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> If he does not ...

No, I'm just interested if his behavior is significantly different from those around him that are ignorant. Because for me, it's not. And if that's true in the general case,

> The only chance ... combat the public ignorance ...

is false.

> Running away

is not the same as ignoring. Also, one can hardly express one's disapproval if one is indifferent.

> ... I would give the guy fair warning, then rush him for being predatory.

If I were the guy, I'd make sure to charge you with as many crimes as I could. Just because you announce your intention to beat up an annoying jerk before you actually beat them up doesn't make it acceptable behavior.




This brings up an interesting twist to the conversation: Should it be considered self-defense to defend your privacy? That seems to be one possible category for the discussion: "do you care enough to defend yourself" (petitions and such) extended to "if you do care enough to do it, what should be your legal limit of self defense? Is your privacy an extension of your self?"


In countries where privacy is a well defined and better protected concept, courts have ruled that actions such as destroying the camera used can be covered under self-defense [1].

[1]: http://www.burhoff.de/insert/?/asp_weitere_beschluesse/inhal... He [the accused] does not have to confine himself to covering his face, but may choose a defense that is suitable to end the attack immediately and permanently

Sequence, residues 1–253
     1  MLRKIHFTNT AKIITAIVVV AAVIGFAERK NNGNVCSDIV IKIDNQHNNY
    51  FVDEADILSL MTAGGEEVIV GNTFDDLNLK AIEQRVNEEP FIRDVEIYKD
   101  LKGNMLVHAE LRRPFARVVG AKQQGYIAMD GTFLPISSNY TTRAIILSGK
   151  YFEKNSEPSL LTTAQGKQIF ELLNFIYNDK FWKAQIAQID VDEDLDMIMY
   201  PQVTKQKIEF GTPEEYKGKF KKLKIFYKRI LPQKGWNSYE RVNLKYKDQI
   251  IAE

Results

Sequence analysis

> No, I'm just interested if his behavior is significantly different from those around him that are ignorant. Because for me, it's not. And if that's true in the general case,

A very important point to discuss. While I don't know specifically his change of behavior there are more widely known cases to discuss.

For example Soviet Union and East Germany. I can tell you that the behavior of people was different, especially on the phone where part of the surveillance took place. Youth, being mostly ignorant about that in some cases got their parents in trouble which in turn affected parents' behavior at home.

I think the takeaway from these and other cases is that public's change of behavior is function of security services' activities (corrupt or not). All it takes is several known cases of visits from the authorities about things one said over the voip or im conversation. Or the authorities pressuring their catch for money or cooperation in unrelated case to 'help them out'.

I also think this directly affects how free we feel. If we would constantly have to guard what we write in e-mails as to not to be remotely connected to what might be seen as mentioning the current enemy of choice, then some freedom is lost.




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